By Barbara K. Gold
A spouse to Roman Love Elegy is the 1st entire paintings devoted exclusively to the learn of affection elegy. The style is explored via 33 unique essays thatoffer new and cutting edge methods to precise elegists and the self-discipline as a whole.
- Contributors symbolize various proven names and more youthful students, all of whom are revered specialists of their fields
- Contains unique, by no means earlier than released essays, that are either available to a large viewers and provide a brand new method of the affection elegists and their work
- Includes 33 essays at the Roman elegists Catullus, Tibullus, Propertius, Sulpicia, and Ovid, in addition to their Greek and Roman predecessors and later writers who have been prompted by way of their work
- Recent years have obvious an explosion of curiosity in Roman elegy from students who've used a number of severe techniques to open up new avenues of understanding
Chapter 1 Calling out the Greeks: Dynamics of the Elegiac Canon (pages 9–24): Joseph Farrell
Chapter 2 Catullus the Roman Love Elegist? (pages 25–38): David Wray
Chapter three Propertius (pages 39–52): W. R. Johnson
Chapter four Tibullus (pages 53–69): Paul Allen Miller
Chapter five Ovid (pages 70–85): Alison R. Sharrock
Chapter 6 Corpus Tibullianum, ebook three (pages 86–100): Mathilde Skoie
Chapter 7 Elegy and the Monuments (pages 101–118): Tara S. Welch
Chapter eight Roman Love Elegy and the Eros of Empire (pages 119–133): P. Lowell Bowditch
Chapter nine Rome's Elegiac Cartography: The View from the through Sacra (pages 134–151): Eleanor Winsor Leach
Chapter 10 Callimachus and Roman Elegy (pages 153–171): Richard Hunter
Chapter eleven Gallus: the 1st Roman Love Elegist (pages 172–186): Roy ok. Gibson
Chapter 12 Love's Tropes and Figures (pages 187–203): Duncan F. Kennedy
Chapter thirteen Elegiac Meter: Opposites allure (pages 204–218): Llewelyn Morgan
Chapter 14 The Elegiac ebook: styles and difficulties (pages 219–233): S. J. Heyworth
Chapter 15 Translating Roman Elegy (pages 234–250): Vincent Katz
Chapter sixteen Elegy and New Comedy (pages 251–268): Sharon L. James
Chapter 17 Authorial id in Latin Love Elegy: Literary Fictions and Erotic Failings (pages 269–284): Judith P. Hallett
Chapter 18 The Domina in Roman Elegy (pages 285–302): Alison Keith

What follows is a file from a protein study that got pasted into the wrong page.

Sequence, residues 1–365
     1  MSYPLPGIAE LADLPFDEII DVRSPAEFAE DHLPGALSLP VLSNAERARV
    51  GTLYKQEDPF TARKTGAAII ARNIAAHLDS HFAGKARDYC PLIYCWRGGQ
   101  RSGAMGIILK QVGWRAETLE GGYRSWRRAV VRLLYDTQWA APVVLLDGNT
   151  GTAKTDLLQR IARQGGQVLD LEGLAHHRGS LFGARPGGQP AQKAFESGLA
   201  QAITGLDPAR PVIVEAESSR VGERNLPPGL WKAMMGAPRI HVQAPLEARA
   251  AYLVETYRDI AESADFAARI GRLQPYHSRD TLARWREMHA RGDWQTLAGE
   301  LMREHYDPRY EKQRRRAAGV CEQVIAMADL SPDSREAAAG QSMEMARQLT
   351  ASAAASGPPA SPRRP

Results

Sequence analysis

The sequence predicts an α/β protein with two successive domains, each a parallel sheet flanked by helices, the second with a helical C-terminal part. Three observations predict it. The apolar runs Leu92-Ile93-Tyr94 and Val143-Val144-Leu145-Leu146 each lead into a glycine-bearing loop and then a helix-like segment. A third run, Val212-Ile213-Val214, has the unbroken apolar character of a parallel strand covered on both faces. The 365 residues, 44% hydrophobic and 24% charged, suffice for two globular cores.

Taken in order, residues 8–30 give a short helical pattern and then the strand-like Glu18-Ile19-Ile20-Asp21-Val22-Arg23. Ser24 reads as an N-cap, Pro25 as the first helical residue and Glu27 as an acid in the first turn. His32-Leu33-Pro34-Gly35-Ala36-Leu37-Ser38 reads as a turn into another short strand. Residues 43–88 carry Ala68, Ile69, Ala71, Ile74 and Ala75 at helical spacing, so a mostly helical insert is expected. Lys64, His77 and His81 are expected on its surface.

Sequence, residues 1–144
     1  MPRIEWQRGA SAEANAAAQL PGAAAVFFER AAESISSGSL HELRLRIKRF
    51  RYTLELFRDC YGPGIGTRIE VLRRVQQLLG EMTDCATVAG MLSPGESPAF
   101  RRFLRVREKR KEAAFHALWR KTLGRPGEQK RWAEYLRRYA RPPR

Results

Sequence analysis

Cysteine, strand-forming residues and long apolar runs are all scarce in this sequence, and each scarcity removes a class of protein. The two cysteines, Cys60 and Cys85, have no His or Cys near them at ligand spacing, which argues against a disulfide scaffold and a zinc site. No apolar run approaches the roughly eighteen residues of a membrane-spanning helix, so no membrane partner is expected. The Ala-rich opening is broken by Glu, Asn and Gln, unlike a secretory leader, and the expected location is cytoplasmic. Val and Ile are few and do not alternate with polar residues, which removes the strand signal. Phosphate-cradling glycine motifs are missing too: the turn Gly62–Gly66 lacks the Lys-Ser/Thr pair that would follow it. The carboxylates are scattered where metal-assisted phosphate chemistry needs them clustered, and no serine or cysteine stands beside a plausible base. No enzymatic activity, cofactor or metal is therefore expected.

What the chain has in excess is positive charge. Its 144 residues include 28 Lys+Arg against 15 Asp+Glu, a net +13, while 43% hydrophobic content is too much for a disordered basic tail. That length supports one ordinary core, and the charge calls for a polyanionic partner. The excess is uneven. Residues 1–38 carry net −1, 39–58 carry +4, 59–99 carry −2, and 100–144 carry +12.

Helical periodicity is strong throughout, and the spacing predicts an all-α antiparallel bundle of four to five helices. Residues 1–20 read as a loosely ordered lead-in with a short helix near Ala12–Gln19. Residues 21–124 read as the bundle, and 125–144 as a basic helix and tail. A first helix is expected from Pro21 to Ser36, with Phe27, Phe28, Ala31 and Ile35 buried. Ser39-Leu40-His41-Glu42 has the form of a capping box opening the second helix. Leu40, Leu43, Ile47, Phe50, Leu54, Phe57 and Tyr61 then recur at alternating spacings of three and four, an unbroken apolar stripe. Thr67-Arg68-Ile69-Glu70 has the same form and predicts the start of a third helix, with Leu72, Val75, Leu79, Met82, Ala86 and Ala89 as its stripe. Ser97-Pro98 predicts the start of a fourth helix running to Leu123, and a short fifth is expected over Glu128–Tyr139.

Chapter 19 “Patronage and the Elegists: Social fact or Literary Construction?” (pages 303–317): Barbara okay. Gold
Chapter 20 Elegy, paintings and the Viewer (pages 318–338): Herica Valladares
Chapter 21 acting intercourse, Gender and tool in Roman Elegy (pages 339–356): Mary?Kay Gamel
Chapter 22 Gender and Elegy (pages 357–371): Ellen Greene
Chapter 23 Lacanian Psychoanalytic concept and Roman Love Elegy (pages 373–389): Micaela Janan
Chapter 24 Intertextuality in Roman Elegy (pages 390–409): Donncha O'Rourke
Chapter 25 Narratology in Roman Elegy (pages 410–425): Genevieve Liveley
Chapter 26 The Gaze and the Elegiac Imaginary (pages 426–439): David Fredrick
Chapter 27 Reception of Elegy in Augustan and Post?Augustan Poetry (pages 441–458): P. J. Davis
Chapter 28 Love Elegies of overdue Antiquity (pages 459–475): James Uden
Chapter 29 Renaissance Latin Elegy (pages 476–490): Holt N. Parker
Chapter 30 Modernist Reception (pages 491–507): Dan Hooley
Chapter 31 educating Roman Love Elegy (pages 509–525): Ronnie Ancona
Chapter 32 instructing Ovid's Love Elegy (pages 526–540): Barbara Weiden Boyd
Chapter 33 educating Rape in Roman Elegy, half I (pages 541–548): Genevieve Liveley
Chapter 33a educating Rape in Roman Love Elegy, half II (pages 549–557): Sharon L. James
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Extra info for A Companion to Roman Love Elegy
But, like virtually all Roman poets, they also came under the immense influence of Callimachus’ opinions regarding poetic style. This influence becomes especially visible and nearly inescapable in the first century BCE. ” In some cases a Roman poet draws a Callimachean contrast within a single genre, as Vergil does in the sixth Eclogue to justify his singing slender, pastoral epic instead of inflated, heroic epic (3–8). But it was also common for elegy to define epic exclusively as heroic poetry and to contrast itself with epic as a “slighter” or “humbler” genre (Prop.
Am. 1). Thus the elegists tend to use Callimachean ideas and images to promote the cause of elegy at the expense of epic. Consider in this regard Propertius’ poems to Ponticus in book 1. 1–10). The poem concludes by warning Ponticus not to look down on Propertius’ efforts (cave … contemnas 25): should Ponticus ever fall in love, his expertise in heroic verse will be no use to him as he tries to write love poetry, and he will envy Propertius his elegiac skill (15–26). Here it is relevant that Antimachus was the author of an epic Thebaid that won him, according to Quintilian, second place to Homer in the Greek canon, but that was deficient in all aspects of its artistry, “so that it is really quite obvious how different it is to be close to first than it is to be second” (Inst.
The seat and wellspring of the Catullan speaker’s emotional life seems in this regard to function a lot like the thumos of a Homeric hero (Casswell 1990, Koziak 1999), albeit in the unhomeric social setting of an urban metropolis. The represented subjectivity of Propertius’ speaker, by contrast, is pretty clearly that of an imperial citizen-subject, for more reasons than the obvious fact of his submission to an autocratic ruler enacted in verbal kowtows that presumably would have sickened a Roman man like the one who speaks the poems of Catullus.
A Companion to Roman Love Elegy by Barbara K. Gold